– By way of preface, I stress that this is a matter in which each of us is required to exercise his individual judgment. We are dealing with the life and liberty of a citizen of this country. We are assembled here this morning, not as a parliament operating under the twoparty system, but as a court - the High Court of Parliament - dealing with the rights of this place and of each individual citizen of the Commonwealth. Therefore, this is not a party matter. I would not feel ashamed, and there would . be no cause to feel ashamed on a matter such as this, to he in a minority of one, because each of us here is required on this occasion above all others to speak in accordance with his individual conscience, and sense of duty and right. So it would be completely wrong if a party decision were made on either side of the House in this matter. It is perfectly right for members to discuss with their colleagues the best thing to do, and thus inform their minds upon it, but no man here ought to feel himself bound out of loyalty or any other consideration to vote for a course, which in his heart of hearts, he does not believe to be correct.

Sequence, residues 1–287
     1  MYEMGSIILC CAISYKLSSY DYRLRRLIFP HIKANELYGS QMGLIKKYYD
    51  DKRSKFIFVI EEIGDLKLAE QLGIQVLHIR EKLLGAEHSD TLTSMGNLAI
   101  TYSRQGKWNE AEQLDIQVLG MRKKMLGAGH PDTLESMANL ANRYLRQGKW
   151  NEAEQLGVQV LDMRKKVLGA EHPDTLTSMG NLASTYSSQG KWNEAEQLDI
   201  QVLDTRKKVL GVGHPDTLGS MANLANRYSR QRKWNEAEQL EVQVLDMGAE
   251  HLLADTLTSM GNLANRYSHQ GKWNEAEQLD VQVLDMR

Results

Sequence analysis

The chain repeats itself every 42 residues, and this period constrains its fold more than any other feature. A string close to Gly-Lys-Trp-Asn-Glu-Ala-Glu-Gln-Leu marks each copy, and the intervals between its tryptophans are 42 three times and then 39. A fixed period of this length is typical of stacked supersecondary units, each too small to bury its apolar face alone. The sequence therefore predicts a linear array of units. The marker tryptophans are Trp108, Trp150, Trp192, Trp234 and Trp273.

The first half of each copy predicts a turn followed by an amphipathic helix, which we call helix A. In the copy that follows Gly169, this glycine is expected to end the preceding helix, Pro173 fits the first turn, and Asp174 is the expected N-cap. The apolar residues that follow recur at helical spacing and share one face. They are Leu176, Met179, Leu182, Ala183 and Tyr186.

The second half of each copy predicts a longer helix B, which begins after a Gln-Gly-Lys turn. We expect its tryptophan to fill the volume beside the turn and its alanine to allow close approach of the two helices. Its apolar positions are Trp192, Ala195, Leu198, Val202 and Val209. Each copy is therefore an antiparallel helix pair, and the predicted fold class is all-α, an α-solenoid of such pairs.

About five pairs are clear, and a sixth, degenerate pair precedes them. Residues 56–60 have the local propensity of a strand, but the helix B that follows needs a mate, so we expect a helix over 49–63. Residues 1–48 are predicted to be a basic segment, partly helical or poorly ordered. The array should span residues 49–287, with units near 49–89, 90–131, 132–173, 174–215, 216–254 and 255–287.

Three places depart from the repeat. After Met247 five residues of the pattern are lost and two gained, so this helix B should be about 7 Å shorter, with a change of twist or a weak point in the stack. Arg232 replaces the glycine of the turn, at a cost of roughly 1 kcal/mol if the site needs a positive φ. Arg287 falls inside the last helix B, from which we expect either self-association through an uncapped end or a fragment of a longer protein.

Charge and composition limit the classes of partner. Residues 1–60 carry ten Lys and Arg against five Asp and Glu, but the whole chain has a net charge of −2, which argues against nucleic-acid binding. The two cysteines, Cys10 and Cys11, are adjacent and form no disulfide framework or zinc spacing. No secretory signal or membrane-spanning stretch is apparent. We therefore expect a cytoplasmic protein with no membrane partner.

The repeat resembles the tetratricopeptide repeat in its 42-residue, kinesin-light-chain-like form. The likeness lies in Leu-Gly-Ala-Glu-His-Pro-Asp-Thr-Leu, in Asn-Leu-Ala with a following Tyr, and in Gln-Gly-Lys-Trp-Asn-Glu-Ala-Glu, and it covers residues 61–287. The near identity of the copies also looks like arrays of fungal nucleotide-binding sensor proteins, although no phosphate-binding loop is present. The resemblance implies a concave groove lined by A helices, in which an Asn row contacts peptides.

The Prime Minister (Mr. Menzies) has rightly stressed that the Parliament has a right to protect itself from intimidation. That is obvious. The Parliament has, moreover, a duty to protect itself from intimidation, because unless it is so protected itself, this institution would cease to exist as a free institution for the carrying out of the popular will; so there is no argument about that. And the Parliament must use such machinery as is available to it at the time of the offence. There can be no question about that, even though many other honorable, members, like me, may be very unhappy and doubtful about the actual nature of the machinery that we are employing on this occasion. It is the machinery available to us and we must use it, because we have the duty to protect ourselves. But we do not have only a duty this morning to protect ourselves as an institution - the institution of Parliament. We have a duty to protect Frank Browne - not Frank Browne as a particular individual, but all the Frank Brownes and all the Raymond Fitzpatricks of this community. We are dealing to-day with a matter which could affect, for example, every individual in the public galleries at this moment as well as every member of the press galleries.